Hi Lifehacker, I have a friend with autism and they have a tendency to be very opinionated: they dismiss what they don’t know as “false facts” and aren’t interested in hearing alternative interpretations. It saddens me because then they won’t be able to know that they’re wrong.
I’d like my friend to lead a better life knowing more than what they themselves believe in; I can’t ignore it if they have inaccurate knowledge about something. I know how to talk to regular people, but I fear my inexperience with autism may be part of the issue. Any advice? Thanks, Forlorn Friend
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In this case, the right thing to do is simple: stop being so obsessed with being “right”. Autism brings lots of social challenges. Our knowledge of the condition is still fragmentary and how it manifests varies enormously between individuals, so it’s almost impossible to give generic advice on the topic. But your desire to help your friend “lead a better life” comes across as wanting to prove yourself more knowledgeable. Under any circumstances, that’s simply not a friendly attitude.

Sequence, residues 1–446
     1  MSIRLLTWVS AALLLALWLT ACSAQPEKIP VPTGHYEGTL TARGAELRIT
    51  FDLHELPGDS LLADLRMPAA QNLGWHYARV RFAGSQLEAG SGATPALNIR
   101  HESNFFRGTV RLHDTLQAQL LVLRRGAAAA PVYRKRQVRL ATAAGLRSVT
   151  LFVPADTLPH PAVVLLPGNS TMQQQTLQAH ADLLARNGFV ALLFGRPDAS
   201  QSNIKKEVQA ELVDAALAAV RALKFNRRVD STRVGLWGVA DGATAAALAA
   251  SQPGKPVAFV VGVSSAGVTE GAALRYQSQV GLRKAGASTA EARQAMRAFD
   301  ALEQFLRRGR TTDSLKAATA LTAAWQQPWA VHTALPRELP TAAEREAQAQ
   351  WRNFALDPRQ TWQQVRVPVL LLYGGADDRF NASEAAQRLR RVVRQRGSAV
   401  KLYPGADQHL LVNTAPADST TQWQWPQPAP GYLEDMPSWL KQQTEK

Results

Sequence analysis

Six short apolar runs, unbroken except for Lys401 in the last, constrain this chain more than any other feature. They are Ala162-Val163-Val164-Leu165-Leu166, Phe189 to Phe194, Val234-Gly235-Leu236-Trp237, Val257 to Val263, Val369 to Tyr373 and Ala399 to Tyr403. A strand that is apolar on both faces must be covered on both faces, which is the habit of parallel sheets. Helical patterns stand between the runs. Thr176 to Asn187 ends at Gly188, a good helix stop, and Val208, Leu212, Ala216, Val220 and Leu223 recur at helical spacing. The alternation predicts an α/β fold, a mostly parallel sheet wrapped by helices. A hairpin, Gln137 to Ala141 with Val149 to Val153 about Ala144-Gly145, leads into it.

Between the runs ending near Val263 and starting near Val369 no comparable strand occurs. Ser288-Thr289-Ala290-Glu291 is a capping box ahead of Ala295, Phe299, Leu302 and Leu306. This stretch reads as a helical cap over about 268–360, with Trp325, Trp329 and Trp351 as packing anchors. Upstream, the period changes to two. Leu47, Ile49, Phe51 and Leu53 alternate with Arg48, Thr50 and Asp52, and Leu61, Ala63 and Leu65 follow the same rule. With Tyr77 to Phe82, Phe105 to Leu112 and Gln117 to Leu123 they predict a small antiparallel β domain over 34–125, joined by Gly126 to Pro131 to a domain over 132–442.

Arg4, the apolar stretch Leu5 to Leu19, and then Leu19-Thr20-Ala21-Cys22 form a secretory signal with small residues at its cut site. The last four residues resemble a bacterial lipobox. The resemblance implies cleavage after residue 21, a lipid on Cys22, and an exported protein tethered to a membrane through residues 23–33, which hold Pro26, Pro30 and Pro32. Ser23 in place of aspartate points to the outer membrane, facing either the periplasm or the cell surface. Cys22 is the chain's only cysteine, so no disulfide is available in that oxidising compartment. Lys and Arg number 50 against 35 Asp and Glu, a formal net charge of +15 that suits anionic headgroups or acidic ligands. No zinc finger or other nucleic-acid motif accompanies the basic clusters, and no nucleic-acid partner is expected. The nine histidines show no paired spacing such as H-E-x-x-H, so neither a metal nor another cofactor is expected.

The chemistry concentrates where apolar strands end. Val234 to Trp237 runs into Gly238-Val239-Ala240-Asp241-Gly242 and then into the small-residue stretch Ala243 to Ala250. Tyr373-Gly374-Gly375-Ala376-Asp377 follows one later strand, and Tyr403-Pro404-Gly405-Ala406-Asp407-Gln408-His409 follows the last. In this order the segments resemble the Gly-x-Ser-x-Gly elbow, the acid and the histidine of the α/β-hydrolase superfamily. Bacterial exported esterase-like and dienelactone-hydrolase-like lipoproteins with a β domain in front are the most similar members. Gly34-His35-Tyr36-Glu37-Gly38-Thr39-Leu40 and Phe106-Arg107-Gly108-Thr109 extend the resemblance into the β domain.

You say you can’t ignore it when your friend is wrong. I’d ask a simple question: why not? Being able to agree to disagree — to recognise that there are often areas where it’s simply not worth continuing the dispute — is a skill you’ll need to use to deal with almost everyone at times. Start working on that now.
There isn’t a magic bullet that will enable you to always make your point and win an argument. Accept that, and enjoy time with your friend on the activities you both find enjoyable. That’s the true mark of friendship. (As ever, we’d welcome additional input from readers in the comments.)
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